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  1. #1
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    Please help me tighten my steering column correctly

    Hi everyone! This is my first post!

    I bought a Dawes Eclipse 2.0 online. I chose that model because it was the cheapest bike that had the two things I wanted: aluminum frame and different frame sizes for different heights (so that I could choose the one suitable for me).

    It came almost completely assembled. I'm comfortable doing the remaining things, but I have no information regarding the optimal torque to tighten bolts. In particular, I have to tighten three things:

    1) The pedals on the crank arms: easy, they are large pieces of metal, I'm not afraid of damaging them
    2) The seat on top of the seat post: again, I'm not worried. If I tighten it too little and the saddle tilts forward a little bit, it's not a tragedy, I can stop and fix it
    3) Tightening the bolt on top of the steering column: I don't know the technical name, then I attached a picture (not my own bike, but the mechanism is exactly the same). The red arrow is where I'm supposed to put the hex key.



    For point 3 I'm really worried. If I don't tighten enough, I risk losing control. If I tighten too much, I'm afraid I will damage the headset and/or the headtube. That thing with the inclined plane is designed to spread more the more I tighten, so that it gets stuck and allows me to control the fork. However, if I tighten too much, will I break it?

    I can't find the Eclipse 2.0 on Dawes website, then I have no idea what torque is needed for that. Any advice on that?

    Thanks a lot! Best

    ZapoTe

  2. #2
    Mechanic/Tourist
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    No torgue wrench necessary. The rule for almost anything that is tightened to secure two parts is to tighten until one feels a large, sudden increase in resistance to turning the wrench. It's actually OK to slightly undertighten the stem so that it gives in a hard collision. If you can stand over the front wheel and not rotate the bars with fairly strong, steady pressure the stem is tight enough.
    There's no such thing as a routine repair.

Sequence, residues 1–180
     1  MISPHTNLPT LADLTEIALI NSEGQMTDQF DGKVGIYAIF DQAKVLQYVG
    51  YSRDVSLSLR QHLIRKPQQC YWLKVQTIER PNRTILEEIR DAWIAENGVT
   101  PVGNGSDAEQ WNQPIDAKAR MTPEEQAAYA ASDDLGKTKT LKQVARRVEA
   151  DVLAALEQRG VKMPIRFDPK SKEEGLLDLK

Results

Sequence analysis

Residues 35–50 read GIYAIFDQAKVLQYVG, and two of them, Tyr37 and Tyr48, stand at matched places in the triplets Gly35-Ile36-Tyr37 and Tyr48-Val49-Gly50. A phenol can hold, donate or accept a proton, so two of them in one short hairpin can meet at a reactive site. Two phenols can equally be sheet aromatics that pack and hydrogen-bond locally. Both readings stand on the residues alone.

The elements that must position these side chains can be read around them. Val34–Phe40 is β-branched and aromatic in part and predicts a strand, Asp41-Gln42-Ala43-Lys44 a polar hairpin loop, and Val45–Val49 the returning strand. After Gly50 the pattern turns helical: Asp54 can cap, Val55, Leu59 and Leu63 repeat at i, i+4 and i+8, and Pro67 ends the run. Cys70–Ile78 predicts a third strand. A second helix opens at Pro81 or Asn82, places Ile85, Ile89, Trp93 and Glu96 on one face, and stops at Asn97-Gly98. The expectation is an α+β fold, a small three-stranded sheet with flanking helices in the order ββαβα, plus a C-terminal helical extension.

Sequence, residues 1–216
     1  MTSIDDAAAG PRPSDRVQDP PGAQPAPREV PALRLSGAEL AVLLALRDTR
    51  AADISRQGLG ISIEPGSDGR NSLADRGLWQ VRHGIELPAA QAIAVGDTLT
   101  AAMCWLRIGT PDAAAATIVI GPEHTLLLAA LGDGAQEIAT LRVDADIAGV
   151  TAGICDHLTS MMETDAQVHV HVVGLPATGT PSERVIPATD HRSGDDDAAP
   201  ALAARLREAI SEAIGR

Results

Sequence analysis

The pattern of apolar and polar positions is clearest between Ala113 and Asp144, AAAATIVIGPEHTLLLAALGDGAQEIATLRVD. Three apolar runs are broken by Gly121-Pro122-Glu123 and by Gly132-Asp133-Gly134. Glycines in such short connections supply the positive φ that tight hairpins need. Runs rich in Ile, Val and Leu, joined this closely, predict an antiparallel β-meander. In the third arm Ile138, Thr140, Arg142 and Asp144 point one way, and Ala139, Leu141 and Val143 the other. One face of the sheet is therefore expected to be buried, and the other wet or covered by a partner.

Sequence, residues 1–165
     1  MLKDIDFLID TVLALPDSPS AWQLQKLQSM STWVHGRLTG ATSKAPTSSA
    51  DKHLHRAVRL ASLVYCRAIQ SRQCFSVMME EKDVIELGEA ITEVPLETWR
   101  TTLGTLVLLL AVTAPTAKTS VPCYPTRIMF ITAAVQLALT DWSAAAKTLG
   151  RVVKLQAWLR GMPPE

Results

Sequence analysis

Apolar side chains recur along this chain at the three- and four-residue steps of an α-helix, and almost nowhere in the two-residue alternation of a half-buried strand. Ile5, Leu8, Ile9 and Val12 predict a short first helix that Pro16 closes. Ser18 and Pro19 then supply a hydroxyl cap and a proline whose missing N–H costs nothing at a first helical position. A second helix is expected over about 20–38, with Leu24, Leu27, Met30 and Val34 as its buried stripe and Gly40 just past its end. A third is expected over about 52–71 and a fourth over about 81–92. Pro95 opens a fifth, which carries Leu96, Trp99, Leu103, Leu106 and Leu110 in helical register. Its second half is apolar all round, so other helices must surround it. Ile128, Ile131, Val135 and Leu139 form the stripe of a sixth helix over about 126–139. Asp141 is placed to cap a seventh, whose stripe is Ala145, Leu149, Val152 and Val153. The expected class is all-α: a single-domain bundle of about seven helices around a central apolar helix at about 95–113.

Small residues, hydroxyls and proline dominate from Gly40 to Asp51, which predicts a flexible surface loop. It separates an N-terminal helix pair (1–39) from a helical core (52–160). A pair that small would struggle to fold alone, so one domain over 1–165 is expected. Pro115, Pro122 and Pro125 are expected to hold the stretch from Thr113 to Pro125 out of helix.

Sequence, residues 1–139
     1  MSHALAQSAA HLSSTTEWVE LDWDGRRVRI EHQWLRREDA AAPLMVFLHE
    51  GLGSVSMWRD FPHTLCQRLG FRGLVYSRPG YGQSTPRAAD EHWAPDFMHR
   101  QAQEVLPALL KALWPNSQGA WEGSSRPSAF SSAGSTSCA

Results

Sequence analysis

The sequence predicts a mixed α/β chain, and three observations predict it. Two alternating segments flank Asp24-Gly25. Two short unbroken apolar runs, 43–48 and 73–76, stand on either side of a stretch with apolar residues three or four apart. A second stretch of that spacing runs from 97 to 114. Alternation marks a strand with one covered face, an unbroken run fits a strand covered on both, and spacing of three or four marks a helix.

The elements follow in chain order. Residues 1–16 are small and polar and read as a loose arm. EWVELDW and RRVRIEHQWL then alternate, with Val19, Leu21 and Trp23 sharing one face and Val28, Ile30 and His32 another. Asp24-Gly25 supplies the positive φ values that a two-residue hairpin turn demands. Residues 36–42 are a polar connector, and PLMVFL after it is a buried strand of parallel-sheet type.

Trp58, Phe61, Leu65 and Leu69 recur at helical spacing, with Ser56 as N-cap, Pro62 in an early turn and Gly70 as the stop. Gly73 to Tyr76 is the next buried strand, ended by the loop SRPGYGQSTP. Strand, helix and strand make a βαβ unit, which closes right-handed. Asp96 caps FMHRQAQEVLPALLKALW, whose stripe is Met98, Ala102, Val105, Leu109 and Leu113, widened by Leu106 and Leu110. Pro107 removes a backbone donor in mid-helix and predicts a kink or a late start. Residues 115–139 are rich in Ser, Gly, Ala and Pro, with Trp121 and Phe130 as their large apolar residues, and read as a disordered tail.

Don't tell me what "should" be - either it is, it isn't, or do something about it.

    If you think I'm being blunt take it as a compliment - if I thought you were too weak to handle the truth or a strong opinion I would not bother.

    Please take the time to post clearly so we can answer quickly. All lowercase and multiple typos makes for a hard read. Thanks!

  3. #3
    Senior Member
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    The item you picture is called a "quill stem" and the installation is quite straightforward. Insert it into the steerer tube and set it at the height you wish but be sure it is inserted far enough that the "minimum insertion' line (engraved on the vertical part) is hidden inside the steerer. Then tighten the bolt you show tight enough that the quill doesn't slip. It should be fairly tight but don't go nuts. If you use a standard L-shaped allen key and get it hand tight using the long arm you shouldn't be able to over do it. The recommended torque is about 150 in-pounds (12 ft-lb) if you have access to a torque wrench and that's pretty tight.

  4. #4
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    Hi Cny Bikeman! Thanks for your reply!

    OK then, I will rely on my sensitivity and when the resistance suddenly increases I'll stop tightening. And I'll do the test you suggest to see if it's good.

    Would you recommend using a thread locker? Or on the contrary, greasing the threads?

    Thanks a lot! Best

    ZapoTeX

  5. #5
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    Hi Hill Rider,

    thanks for your reply, sorry I had not seen it earlier when I replied to Cny Bikeman!

    Thanks a lot for your suggestions and for giving me the technical name! :-)

    Have a great day! Best

    ZapoTeX

  6. #6
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    Do not use thread locker, it is unnecessary and will complicate later removal. Grease the threads and also grease the outside of the wedge (the silver part at the bottom) and the part of the stem which inserts into the steerer. This is to help prevent the stem from freezing into the steerer, a common problem with quill stems, especially where the stem and steerer are different metals, like steel and aluminum. Also grease the clamp bolt for the handlebars but DON'T grease the part of the clamp where the bars go. As a matter of course greasing any threaded fastener is a good idea. It will help both tightening and also loosening them and help prevent seizing due to corrosion.

    EDIT: Also be careful not to insert the stem all of the way into the steerer; the inside tapers down at the bottom and it will not be securely held if it is clamped in the tapered section. Scroll down to the "Too low, Danger!" section of this page for a picture: http://sheldonbrown.com/handsup.html...-compatibility
    Last edited by dsbrantjr; 10-27-12 at 02:25 PM.

  7. #7
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    Thanks for your reply too!

    I looked at the link you mentioned and it was really useful, it saved me from potentially putting the stem too deep into the steerer!

    Thanks again!

    ZapoTeX

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